In urban mobility, travel or trip speed is important. For each bicycle trip, its bikeshare use time provides an upper bound of travel time. Particularly, for the utilitarian O-D trips, the bikeshare use time approaches the travel time if there is no intermediate stop. Therefore, we can estimate the lower bound of trip speed for member users using the bikeshare use time and the shortest path length between each O-D pair, without requiring extensive GPS tracking data. Fig. 1a gives the distribution of median speed v_{med} for all the O-D pairs with more than 1000 trips taken by bikeshare users. For each O-D pair, we compute v_{med}=L_R/T_{U,med}, where L_R is the distance of the recommended bicycling route between the O-D pair retrieved with Google Maps Distance Matrix API, T_{U,med} is the median bikeshare use time for the O-D pair. For casual, member, and all users, the medians values of v_{med} are respectively 3.48, 8.31, and 8.08 mph. Comparison between member and all users shows a significant difference in the 10th percentile values of v_{med}, which are respectively 6.54 and 4.00 mph.

Figure 1. CDF Distributions of Median Travel Speed from O-D Trips.

Concerning the traditional vehicle flow, traffic congestion has been a serious problem. Let the free flow, average, and 95th percentile travel times respectively be TT_{O}, \overline{TT}, and TT_{95}, the {\em Travel Time Index} (TTI) and {\em Planning Time Index} (PTI) are respectively

(1)   \begin{equation*} \text{TTI}=\overline{TT}/TT_{O},~~~~\text{PTI}=TT_{95}/TT_{O}, \end{equation*}

as defined in the Urban Congestion Reports (UCR) by FHWA. According to UCR, during the last quarter of 2016, DC had TTI=1.48 and PTI=3.08, and the average duration of daily congestion lasted for nearly 8 hours. According to the District Mobility website, some road segments have severe congestion with TTI > 3.5 during peak time. Notice that the maximum lawful speed is 25 mph on most streets in DC. Thus, an extremely high TTI means a rather slow traffic speed.

Congestion affects both travel time and reliability of vehicles. In general, congestion factors do not have effects on bike users as much as on car and bus transit users. With the current median speed of about 8 mph, bicycling is certainly a viable commuting option in urban transportation, as compared to other surface transportation modes. In particular, if travel time reliability is important for users, bicycling might be a better choice during peak time. Compared to bicycling, although driving might save travel time in terms of the free flow speeds, the variation in vehicle travel time is rather large in rush hours with a high TTI and PTI for vehicles, where a delay can even reach several times of the travel time savings. According to the 2016 member survey, 89% of respondents cited access and speed as their primary reasons for joining CaBi.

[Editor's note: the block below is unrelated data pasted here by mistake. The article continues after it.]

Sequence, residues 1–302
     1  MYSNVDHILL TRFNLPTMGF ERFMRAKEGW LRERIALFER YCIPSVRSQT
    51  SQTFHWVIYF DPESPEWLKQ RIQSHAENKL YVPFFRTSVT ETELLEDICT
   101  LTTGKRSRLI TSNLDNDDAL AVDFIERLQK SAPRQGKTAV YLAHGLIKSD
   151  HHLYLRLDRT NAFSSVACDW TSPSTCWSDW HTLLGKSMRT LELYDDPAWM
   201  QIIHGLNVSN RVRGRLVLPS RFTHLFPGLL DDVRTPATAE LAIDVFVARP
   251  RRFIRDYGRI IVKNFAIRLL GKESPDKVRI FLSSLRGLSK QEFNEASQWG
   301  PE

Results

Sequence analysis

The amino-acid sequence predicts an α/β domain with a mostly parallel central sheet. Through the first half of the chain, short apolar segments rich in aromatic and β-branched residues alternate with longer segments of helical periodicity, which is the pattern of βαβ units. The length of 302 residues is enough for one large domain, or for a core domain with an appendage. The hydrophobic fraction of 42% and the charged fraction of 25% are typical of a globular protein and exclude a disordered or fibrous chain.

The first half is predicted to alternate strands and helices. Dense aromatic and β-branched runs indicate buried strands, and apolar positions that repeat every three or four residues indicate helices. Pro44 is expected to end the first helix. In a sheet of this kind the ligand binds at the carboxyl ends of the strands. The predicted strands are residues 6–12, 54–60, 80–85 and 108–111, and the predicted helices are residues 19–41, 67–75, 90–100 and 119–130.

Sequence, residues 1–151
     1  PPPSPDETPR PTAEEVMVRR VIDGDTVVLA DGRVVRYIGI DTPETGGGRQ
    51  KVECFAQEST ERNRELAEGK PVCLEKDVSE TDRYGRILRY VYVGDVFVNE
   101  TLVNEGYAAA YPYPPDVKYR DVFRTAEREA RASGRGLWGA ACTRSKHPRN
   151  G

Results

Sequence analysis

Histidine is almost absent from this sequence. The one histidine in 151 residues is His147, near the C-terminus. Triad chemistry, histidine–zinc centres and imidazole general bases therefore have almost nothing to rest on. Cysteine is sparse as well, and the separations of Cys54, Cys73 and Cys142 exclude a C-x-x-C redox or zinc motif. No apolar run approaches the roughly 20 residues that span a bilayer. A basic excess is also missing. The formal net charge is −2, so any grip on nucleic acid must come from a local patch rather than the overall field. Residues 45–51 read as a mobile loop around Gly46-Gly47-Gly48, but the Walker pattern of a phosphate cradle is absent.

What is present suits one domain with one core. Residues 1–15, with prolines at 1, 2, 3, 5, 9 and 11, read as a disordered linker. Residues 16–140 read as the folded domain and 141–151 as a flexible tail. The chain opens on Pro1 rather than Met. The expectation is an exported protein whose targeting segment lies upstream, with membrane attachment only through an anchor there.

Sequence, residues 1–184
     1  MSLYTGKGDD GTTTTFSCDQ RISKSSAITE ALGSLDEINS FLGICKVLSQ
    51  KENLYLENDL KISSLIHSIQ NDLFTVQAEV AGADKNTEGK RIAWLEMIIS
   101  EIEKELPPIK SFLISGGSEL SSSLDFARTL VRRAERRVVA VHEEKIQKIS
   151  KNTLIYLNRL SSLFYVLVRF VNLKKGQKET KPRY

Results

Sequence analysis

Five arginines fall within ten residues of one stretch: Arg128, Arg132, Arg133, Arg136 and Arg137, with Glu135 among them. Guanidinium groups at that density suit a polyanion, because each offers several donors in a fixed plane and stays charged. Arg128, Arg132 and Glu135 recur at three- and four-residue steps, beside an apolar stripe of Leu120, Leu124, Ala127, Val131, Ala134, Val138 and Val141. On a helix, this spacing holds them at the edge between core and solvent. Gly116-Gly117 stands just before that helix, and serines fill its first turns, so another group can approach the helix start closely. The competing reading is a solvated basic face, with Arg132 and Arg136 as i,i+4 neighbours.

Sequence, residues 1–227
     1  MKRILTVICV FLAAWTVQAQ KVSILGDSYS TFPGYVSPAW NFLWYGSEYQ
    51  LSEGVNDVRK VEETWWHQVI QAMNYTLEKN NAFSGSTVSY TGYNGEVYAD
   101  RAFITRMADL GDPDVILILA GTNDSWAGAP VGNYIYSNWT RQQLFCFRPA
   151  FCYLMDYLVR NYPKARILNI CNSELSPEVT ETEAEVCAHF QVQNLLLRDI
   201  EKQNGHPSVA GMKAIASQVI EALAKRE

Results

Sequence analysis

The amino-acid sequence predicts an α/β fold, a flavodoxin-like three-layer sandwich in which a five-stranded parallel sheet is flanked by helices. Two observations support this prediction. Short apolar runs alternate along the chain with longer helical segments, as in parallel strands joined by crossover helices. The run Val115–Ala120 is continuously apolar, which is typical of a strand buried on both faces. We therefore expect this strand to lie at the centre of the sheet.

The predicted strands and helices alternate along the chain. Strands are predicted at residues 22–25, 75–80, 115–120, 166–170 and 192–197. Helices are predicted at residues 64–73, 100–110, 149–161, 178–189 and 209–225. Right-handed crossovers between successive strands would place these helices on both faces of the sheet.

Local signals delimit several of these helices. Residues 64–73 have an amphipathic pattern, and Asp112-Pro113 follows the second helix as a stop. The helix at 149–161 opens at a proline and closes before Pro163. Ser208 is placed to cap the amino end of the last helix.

The speed for CaBi members is still far below than the average cycling speed that could reach 14.6 mph. It is likely due to the high density of intersections in urban area imposing unnecessary delays for cyclists. At this point, smart multimodal intersection control can help to gain a better biking mobility while without any significant interruption to existing vehicle flows. The improvement in bike mobility might further promote more bike usage as a part of the green intermodal transportation system, and accelerate the traffic mode shift towards reducing VMT and mitigating traffic congestion as well as vehicle emissions.

It is important to understand the dependence of bike mobility on the network infrastructure. For urban planners and policymakers, such knowledge could provide critical supports to upgrade the bike infrastructure in multimodal urban transportation networks. To gain some insights, a case study is performed on a dedicated bike lane with bikeshare stations. The bike lane is on the 14th Street between Station 31407 at Colorado Ave and Station 31241 at Thomas Circle. There are 12 CaBi stations in total(i.e., 31101, 31105, 31119, 31123, 31124, 31202, 31203, 31241, 31401, 31402, 31406, 31407) on the bike lane, and the O-D trips among these stations are considered. Only member users are considered for evaluating the bike mobility of utilitarian trips. It is reasonable to assume that nearly all these bikeshare users will follow the route on the 14th Street, since it is the shortest route and it is a dedicated bike lane. Fig. 1b shows the difference in bike mobility between the full system and the selected region on the 14th Street. Compared with the full system, there are more percentiles of users at the higher travel speeds on the 14th Street. For a travel speed over 10 mph, the percentages of users are respectively 37.68% and 14.88% on the 14th Street and in the full system. The result indicates that bike mobility could be significantly improved on dedicated bike lanes.

User_Account_Avatar_Person_Profile_Login_Persona-128 By Xiao-Feng Xie, Ph.D.  —— The WIOMAX Blog

This blog is adapted from the following research paper:

  • “Examining travel patterns and characteristics in a bikesharing network and implications for data-driven decision supports: Case study in the Washington DC area,” Journal of Transport Geography, vol. 71, 2018. [PDF] [DOI] [Bibtex]
    Title = {Examining travel patterns and characteristics in a bikesharing network and implications for data-driven decision supports: Case study in the {Washington DC} area},
    Author = {Xiao-Feng Xie and Zun-Jing Wang},
    Journal = {Journal of Transport Geography},
    Volume = {71},
    Pages = {84--102},
    Doi = {10.1016/j.jtrangeo.2018.07.010},
    Year = {2018}

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What can Bike-Sharing System Data Tell Us about Mobility and Role of Bike Infrastructure